Lawyers Mobilize to Fight the Muslim Ban

January 31, 2017 | Revolution Newspaper |


JFK airport, January 29
Protest at JFK airport. Photo: Revolution/

Volunteer lawyers, translators and others camped out in a diner at John F. Kennedy Airport, trying to find and free people detained under the fascist ban, January 29.
Volunteer lawyers, translators and others camped out in a diner at John F. Kennedy Airport, trying to find and free people detained under the fascist ban, January 29. (AP photo)

With a stroke of Trump’s pen, an executive order upended the lives of 1,000s of people who were born in the predominantly Muslim countries Trump put on his banned list. The door slammed shut with no notice. Passengers in mid-flight when the order was signed were “detained.” Instead of being greeted by loved ones, they were in the custody of U.S. Customs and Border Protection (CBP) service under the direction of the Department of Homeland Security. Permanent residents of the U.S. (green card holders) were among those barred from entry, as were refugee families who had been screened for years and finally admitted to the U.S., valid visa holders... even a five-year-old separated from his parents, a stage 4 breast cancer patient—all were being barred from entering the U.S.

All across the country (including in red states like Kentucky, Indiana, Arkansas) people swarmed to the airports and public squares by the hundreds and thousands to demand they be let into the country and to protest Trump’s barely disguised Muslim ban. (See "Fascism on the March, Sharpening Crisis, and the Urgency to Act" by Sunsara Taylor.) It was very important that people did not wait to see how the legal fight in the courts would turn out, but immediately jumped into the fray.

At the same time, it was also very significant that lawyers mobilized to fight this Muslim ban. Immigration attorneys by the hundreds answered appeals from humanitarian groups, dropped everything and headed to the many U.S. airports where international flights land to help the people being detained. Together with and buoyed by the thousands of protesters, these attorneys fought to identify the people being detained, prevent their deportation, and secure their release. Pictures of their makeshift offices showed lawyers sitting on the floor of the airport terminal or camped out in an airport food court surrounded by cases of water and food donated by other volunteers to help keep them going, often through the night.

These lawyers worked with family members, sought out translators, and demanded that the rights of those being detained be respected. In one case, lawyers forced a plane to go back to the gate so that a woman who was being unlawfully deported to Syria could enter the U.S. Meantime, other lawyers and legal organizations, including very importantly the ACLU, worked feverishly to prepare the legal arguments that they took into federal courts around the country. They won court orders partially blocking the government’s expulsion of those who were on flights to the U.S. when the ban was ordered by Trump. In New York on Saturday, federal judge Ann M. Donnelly held that the petitioners had a “strong likelihood of success” in establishing that their removal “violates their rights to Due Process and Equal Protection guaranteed by the United States Constitution.” The judge blocked part of Trump’s order banning their entry into the U.S. in light of the immediate danger and irreparable damage if they were deported. Federal judges in Virginia and Massachusetts and other federal jurisdictions issued similar orders.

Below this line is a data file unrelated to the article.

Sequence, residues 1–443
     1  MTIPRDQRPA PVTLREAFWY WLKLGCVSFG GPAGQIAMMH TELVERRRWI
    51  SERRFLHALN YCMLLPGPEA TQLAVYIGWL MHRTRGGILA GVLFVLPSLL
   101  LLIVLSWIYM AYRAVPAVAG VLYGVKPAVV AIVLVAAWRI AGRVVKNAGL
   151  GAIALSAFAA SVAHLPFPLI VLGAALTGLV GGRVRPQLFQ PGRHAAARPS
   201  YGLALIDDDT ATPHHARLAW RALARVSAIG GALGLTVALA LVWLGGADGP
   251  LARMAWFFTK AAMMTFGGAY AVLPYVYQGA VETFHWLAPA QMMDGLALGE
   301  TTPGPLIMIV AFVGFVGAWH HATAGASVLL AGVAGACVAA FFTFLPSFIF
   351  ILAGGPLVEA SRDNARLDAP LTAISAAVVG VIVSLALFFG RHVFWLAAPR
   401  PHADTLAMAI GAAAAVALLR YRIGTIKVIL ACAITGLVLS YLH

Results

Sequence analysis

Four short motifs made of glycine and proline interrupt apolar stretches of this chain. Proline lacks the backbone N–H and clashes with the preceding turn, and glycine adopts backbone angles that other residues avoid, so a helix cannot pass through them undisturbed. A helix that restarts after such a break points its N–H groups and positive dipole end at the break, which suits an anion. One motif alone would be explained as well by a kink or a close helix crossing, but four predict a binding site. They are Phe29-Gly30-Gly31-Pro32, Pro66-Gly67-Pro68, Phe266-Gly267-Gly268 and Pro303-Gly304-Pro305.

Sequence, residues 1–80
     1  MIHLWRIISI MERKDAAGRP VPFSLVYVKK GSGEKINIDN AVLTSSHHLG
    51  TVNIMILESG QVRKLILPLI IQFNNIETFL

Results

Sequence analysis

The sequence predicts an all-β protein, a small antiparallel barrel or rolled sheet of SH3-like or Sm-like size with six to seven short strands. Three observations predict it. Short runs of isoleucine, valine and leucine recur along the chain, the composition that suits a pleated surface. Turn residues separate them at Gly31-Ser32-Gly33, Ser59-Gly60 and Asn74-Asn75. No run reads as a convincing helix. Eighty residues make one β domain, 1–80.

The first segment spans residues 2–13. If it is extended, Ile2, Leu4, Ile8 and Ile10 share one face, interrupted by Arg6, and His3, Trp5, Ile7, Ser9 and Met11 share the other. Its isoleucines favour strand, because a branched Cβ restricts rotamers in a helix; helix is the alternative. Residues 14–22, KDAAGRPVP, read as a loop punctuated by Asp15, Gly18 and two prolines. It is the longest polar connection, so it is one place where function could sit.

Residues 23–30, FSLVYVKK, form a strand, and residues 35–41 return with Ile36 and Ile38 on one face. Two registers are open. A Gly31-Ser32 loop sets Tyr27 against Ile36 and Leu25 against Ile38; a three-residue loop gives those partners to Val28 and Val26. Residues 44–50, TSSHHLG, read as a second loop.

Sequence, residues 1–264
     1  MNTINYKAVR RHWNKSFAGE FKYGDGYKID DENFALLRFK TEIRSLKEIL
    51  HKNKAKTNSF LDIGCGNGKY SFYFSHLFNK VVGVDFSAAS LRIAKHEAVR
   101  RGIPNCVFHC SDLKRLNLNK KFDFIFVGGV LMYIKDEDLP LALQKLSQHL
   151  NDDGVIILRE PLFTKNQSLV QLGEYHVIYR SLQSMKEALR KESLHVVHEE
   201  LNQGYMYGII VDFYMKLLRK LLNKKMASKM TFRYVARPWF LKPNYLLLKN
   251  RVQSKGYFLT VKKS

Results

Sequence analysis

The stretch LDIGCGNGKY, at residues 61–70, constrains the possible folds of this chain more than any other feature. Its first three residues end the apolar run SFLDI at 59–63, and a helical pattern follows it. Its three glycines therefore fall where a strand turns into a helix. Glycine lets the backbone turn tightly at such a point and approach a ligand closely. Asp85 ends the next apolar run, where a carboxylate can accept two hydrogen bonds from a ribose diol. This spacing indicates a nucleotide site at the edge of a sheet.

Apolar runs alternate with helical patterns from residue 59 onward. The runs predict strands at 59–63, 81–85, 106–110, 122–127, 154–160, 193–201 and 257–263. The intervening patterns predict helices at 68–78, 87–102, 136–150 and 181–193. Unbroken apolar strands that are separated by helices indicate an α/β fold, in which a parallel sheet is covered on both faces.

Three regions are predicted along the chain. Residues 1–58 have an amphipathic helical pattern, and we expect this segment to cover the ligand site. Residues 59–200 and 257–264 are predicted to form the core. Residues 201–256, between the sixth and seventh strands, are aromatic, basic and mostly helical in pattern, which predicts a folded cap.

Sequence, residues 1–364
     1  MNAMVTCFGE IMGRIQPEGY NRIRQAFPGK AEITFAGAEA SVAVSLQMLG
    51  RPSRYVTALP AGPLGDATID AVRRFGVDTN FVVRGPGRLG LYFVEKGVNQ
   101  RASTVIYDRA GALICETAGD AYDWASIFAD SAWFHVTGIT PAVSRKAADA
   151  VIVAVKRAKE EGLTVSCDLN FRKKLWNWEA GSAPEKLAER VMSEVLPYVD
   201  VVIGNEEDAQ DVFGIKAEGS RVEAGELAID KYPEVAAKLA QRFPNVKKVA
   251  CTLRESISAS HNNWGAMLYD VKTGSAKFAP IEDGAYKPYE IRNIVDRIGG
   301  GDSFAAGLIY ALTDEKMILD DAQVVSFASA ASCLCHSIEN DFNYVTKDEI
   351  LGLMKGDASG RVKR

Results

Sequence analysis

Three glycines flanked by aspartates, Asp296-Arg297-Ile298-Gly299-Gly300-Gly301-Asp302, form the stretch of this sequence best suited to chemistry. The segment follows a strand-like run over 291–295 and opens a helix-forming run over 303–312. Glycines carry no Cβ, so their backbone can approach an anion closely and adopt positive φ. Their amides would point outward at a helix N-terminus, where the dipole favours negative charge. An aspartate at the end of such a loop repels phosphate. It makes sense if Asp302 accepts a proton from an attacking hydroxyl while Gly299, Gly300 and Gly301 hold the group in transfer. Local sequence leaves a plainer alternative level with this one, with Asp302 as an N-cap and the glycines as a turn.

As important as these rulings are, they only block the removal of people already in the U.S. who were (or are) being detained at U.S. airports from the seven banned countries. The orders do not say that people being detained must be released, only that they can not be removed from the U.S. The orders do not overturn the executive order. Estimates are that up to 20,000 people who have been going through the difficult process of coming to the U.S. legally are now having their lives and plans torn up by the ban. This is the focus of another lawsuit being prepared by the ACLU. As a sign of opposition to the Muslim ban, the ACLU received more than $20 million in donations in just a few days.

CBP reportedly continued in some cases to carry out Trump’s executive order, even after the court orders blocking parts of the executive order (Muslim ban) were issued. Lawyers are quoted in the press from different parts of the country saying that they were denied knowledge of who was being detained and forcibly deported or denied access to their clients. Congresspeople seeking the same information were also turned away by CBP.

Some of the horror stories are only now starting to come to light.

The Guardian newspaper reported on a lawsuit filed on behalf of two Yemeni brothers, 19 and 20 years old, who were on their way to reunite with their father, a U.S. citizen, when they landed at Dulles Airport in Washington, DC. They were coerced into giving up their green cards with the threat that if they did not do so voluntarily, they would be barred from coming to the U.S. for another five years. They were denied access to lawyers, forced to buy their own return tickets, and shipped out of the country immediately.

There has to be a  major political and legal fight to end the ban, stop the wall, and most of all to oust the fascist regime that is on the march, trampling on people’s lives.



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